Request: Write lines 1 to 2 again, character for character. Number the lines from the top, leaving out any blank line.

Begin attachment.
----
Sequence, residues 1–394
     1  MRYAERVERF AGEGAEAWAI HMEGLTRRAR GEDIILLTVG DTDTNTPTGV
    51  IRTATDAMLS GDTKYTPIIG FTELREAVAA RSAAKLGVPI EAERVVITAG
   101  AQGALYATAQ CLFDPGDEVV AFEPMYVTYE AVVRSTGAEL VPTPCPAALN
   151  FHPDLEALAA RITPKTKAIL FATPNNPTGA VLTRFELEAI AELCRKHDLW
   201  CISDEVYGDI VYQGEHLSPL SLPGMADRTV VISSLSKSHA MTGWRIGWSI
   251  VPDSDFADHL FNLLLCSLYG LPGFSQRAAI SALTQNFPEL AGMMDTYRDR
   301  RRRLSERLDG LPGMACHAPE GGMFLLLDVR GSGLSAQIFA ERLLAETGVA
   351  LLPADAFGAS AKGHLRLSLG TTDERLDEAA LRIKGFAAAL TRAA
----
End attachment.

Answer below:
Sequence, residues 1–394
     1  MRYAERVERF AGEGAEAWAI HMEGLTRRAR GEDIILLTVG DTDTNTPTGV